When we design a recombinant DNA construct (see Chapter 10), it is important to know the potential restriction endonuclease recognition sites both in the vector and the insert. Finding these sites is a relatively simple bioinformatics task using online programs such as NEBCutter or RestrictionMapper. It is also useful to draw a map of the recombinant DNA we plan to construct with the help of downloadable or online programs such as pDRAW, BioEdit or SnapGene.
Another typical bioinformatics task is the design of oligonucleotide primers for sequencing, polymerase chain reaction (PCR) or site-specific in vitro mutagenesis. This can also be achieved by online programs such as Primer3, Oligo or OligoCalc.
We can do a similarity search to learn if our sequenced DNA can be found in a public nucleotide database (i.e. it has already been cloned by others) and/or whether it is evolutionally related (i.e. homologous) to other sequences. In a simple similarity search, one can compare a sequence with sequences found in an entire nucleotide database (see later the BLAST program), while for a homology search the method of choice is multiple sequence alignment by the ClustalW program. By comparing either nucleotide or amino acid sequences we can find homologs. If these are from different species (that had a common ancestor) but have identical or similar functions they are called orthologs; while those homologs that are found in the same organism and originate from a gene duplication event followed by divergent evolution within the species are called paralogs. We will not cover the construction of evolutionary trees in this e-book—one can learn about these in bioinformatics or evolutionary biology courses.
If we sequence a DNA clone, the first bioinformatics analysis is a similarity search against a nucleotide database. The most widely used similarity search program accessible on the internet is BLAST (Basic Local Alignment Search Tool), which will be described here and will be used by the students during the laboratory practice. The BLAST program is available online at several servers including the one at NCBI: http://blast.ncbi.nlm.nih.gov/Blast.cgi.
BLAST uses a heuristic algorithm that makes it possible to search a huge database in a very short period of time by using a query sequence. The high speed of the algorithm stems from the fact that the query sequence is divided into short „words” that are used, instead of the full-length sequence, during the alignment process. These words are searched in the database first (called „seeding”, i.e. finding the best local alignments). The most relevant hits are then scored with the help of a scoring matrix, extended to neighbouring words, and finally assembled and compiled into a final list of similarity hits. It is important that the query sequences must be in the so-called FASTA format (FASTA was a previously popular but much slower similarity search program). The FASTA format is shown in Figure 11.10.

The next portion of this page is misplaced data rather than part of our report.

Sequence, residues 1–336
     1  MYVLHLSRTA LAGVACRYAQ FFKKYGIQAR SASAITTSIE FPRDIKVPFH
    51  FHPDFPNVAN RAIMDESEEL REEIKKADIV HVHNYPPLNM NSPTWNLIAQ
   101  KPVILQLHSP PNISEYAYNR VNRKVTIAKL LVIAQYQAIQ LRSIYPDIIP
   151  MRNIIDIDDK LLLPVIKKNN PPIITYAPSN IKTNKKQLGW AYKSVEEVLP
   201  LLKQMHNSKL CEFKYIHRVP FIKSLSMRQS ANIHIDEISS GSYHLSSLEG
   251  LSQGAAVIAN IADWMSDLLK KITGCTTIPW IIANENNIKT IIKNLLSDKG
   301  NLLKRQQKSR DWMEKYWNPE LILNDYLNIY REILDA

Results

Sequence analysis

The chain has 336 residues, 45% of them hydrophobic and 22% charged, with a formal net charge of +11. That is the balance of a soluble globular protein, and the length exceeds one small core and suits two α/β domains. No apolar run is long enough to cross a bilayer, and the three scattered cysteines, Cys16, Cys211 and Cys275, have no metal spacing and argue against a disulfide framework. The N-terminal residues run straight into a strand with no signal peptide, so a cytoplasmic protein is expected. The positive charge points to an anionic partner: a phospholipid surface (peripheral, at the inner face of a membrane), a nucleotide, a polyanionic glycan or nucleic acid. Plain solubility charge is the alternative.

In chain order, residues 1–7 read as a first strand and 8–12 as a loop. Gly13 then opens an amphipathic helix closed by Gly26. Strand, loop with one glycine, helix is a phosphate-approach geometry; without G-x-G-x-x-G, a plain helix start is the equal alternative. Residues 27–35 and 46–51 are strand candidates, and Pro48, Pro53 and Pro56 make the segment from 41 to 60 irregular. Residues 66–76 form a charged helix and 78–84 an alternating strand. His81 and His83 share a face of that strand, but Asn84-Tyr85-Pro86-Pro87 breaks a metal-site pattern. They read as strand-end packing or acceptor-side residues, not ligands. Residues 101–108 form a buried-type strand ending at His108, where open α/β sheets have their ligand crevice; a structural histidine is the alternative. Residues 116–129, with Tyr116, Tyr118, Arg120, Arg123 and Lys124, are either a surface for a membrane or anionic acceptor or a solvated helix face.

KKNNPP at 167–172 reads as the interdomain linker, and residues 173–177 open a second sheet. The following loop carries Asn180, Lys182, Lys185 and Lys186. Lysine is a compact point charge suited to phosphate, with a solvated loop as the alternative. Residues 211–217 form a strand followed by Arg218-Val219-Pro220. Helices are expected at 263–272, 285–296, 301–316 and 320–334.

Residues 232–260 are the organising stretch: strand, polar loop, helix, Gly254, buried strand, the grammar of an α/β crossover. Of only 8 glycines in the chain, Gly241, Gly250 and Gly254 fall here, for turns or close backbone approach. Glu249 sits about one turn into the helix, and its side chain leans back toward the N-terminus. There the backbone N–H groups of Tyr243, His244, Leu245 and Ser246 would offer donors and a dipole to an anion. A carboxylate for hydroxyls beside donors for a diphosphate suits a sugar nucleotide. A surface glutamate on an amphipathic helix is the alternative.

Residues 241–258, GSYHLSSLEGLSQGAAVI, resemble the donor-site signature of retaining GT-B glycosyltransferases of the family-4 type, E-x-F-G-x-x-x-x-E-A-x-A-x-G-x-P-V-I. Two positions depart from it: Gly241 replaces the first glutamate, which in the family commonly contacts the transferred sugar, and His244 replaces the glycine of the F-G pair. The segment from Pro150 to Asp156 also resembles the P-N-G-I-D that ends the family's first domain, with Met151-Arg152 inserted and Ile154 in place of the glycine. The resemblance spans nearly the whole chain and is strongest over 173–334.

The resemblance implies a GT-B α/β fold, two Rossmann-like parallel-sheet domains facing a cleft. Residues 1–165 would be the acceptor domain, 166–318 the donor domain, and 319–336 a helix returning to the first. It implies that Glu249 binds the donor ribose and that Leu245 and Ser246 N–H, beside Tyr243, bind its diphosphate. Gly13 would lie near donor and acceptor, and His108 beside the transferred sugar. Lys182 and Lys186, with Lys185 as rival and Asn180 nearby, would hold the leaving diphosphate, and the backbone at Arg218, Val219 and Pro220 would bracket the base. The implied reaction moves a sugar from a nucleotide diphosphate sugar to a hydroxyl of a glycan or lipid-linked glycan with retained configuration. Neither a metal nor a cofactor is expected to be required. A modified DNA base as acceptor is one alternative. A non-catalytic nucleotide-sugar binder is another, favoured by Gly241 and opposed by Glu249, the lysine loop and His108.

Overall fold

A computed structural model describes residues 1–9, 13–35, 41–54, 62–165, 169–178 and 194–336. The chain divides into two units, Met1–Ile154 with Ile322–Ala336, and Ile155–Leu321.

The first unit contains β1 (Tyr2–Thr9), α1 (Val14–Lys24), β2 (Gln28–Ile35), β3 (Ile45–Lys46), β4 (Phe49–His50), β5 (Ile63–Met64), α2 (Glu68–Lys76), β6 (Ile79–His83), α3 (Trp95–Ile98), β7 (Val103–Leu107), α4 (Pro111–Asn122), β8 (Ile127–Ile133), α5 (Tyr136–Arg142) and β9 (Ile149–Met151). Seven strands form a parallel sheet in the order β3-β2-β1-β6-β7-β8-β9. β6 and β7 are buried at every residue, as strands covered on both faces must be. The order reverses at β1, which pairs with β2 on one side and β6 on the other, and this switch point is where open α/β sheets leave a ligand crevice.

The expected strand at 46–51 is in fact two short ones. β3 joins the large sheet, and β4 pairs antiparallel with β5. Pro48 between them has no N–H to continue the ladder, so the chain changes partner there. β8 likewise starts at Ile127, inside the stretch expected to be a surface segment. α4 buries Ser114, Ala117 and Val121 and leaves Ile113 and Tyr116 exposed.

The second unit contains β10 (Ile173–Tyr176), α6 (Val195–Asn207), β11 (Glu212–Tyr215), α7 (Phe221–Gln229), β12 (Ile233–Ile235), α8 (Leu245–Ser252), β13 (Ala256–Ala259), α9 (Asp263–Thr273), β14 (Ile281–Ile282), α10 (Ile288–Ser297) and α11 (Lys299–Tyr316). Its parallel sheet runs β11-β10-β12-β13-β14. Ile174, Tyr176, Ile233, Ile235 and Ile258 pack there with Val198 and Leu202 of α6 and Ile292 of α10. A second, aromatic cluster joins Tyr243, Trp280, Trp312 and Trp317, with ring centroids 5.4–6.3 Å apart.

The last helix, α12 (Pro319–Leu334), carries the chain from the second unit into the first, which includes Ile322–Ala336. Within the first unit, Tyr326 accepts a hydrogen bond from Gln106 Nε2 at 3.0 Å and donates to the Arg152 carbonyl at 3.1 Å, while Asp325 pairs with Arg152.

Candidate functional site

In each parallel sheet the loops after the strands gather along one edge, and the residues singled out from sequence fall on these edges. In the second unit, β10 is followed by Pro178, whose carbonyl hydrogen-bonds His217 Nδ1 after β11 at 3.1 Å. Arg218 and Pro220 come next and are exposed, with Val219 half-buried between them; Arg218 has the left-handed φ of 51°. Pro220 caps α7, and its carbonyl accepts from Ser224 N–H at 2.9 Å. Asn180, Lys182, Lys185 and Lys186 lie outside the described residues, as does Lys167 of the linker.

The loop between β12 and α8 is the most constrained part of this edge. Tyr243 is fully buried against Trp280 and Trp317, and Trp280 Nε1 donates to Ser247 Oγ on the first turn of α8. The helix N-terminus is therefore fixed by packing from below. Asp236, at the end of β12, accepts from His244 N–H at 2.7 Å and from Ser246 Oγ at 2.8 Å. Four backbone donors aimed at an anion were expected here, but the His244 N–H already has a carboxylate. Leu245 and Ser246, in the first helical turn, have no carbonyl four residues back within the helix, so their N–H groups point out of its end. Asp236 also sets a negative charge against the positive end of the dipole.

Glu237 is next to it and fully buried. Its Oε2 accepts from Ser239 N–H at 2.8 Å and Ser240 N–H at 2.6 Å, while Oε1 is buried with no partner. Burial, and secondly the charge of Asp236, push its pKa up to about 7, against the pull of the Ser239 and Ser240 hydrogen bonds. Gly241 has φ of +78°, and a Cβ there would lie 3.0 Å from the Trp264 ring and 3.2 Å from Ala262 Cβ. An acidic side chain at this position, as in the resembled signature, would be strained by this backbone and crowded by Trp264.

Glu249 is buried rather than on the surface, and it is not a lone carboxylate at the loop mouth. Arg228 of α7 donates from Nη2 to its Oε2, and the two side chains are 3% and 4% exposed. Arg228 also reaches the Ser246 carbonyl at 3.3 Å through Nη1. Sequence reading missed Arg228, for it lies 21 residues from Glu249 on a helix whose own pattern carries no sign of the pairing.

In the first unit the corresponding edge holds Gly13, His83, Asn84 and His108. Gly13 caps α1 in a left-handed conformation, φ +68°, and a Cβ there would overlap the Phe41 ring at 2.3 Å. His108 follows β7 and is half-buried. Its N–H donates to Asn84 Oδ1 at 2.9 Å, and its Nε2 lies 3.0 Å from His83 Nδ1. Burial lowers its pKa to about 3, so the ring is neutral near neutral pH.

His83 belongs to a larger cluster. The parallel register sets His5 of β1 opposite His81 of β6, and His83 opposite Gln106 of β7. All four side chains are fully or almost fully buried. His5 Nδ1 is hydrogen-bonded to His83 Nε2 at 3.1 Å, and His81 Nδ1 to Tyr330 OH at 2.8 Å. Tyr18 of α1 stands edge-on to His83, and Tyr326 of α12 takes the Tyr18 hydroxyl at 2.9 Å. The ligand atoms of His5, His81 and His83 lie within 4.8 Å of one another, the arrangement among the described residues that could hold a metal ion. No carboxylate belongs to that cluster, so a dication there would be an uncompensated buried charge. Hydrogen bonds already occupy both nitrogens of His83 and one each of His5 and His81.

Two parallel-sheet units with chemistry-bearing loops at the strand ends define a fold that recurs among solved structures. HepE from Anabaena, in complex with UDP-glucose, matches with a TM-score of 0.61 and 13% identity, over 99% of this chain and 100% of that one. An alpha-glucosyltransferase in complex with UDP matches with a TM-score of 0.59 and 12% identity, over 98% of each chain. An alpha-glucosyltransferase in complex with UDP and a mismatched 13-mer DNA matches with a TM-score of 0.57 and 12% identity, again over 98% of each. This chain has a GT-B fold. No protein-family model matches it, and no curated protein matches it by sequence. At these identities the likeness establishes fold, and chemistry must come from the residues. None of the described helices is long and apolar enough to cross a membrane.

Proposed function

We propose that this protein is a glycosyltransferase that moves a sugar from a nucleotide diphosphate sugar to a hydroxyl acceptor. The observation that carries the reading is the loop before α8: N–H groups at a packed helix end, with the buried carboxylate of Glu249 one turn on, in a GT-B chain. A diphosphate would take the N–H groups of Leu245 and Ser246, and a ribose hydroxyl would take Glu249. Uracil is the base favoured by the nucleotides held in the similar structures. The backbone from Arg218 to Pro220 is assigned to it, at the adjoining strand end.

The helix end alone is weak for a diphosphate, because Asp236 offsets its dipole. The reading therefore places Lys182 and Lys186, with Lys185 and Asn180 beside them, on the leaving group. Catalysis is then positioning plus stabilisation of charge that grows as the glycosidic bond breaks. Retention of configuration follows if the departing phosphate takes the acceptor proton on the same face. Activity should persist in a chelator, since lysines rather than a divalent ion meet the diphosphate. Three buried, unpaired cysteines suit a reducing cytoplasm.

If we want to search using a nucleotide query sequence within a nucleotide database, we can use the BLASTN version of the program. If we have an amino acid sequence, we can search a protein database by the BLASTP version of the program. The BLASTX version of the program translates a nucleotide sequence in all six reading frames (three on each strand) and allows searching a protein database. Finally, with the TBLAST subprogram, we can search against a translated nucleotide database using either a protein (TBLASTN) or a nucleotide (TBLASTX) query sequence. These similarity search options are summarised in Figure 11.11.
The result of a BLAST analysis is a list a sequences from the searched database that show significant similarity to the query sequence. Besides the sequence identifiers of the similar sequence hits in the database, the final list of alignments contains a score number and a statistical significance number, the E-value. The E-value is a parameter that describes the number of hits one can expect to see by chance when searching a database of a particular size. It decreases exponentially as the score (S) of the match increases. Essentially, the E-value describes the random background noise. The lower the E-value, or the closer it is to zero, the more "significant" the match (E > 0.01 is usually considered to reflect a homologous, i.e. evolutionarily-related sequence). The score value is calculated based on the alignment, taking into account the gaps and the similarity of the amino acids at the aligned positions. The most often used similarity matrix (an amino acid substitution matrix) is the BLOSUM (BLOcks SUbstitution Matrix) matrix. The numbers within a BLOSUM are “log-odds” scores that measure, in an alignment, the logarithm of the ratio of the likelihood of two amino acids appearing with a biological sense and the likelihood of the same amino acids appearing by chance.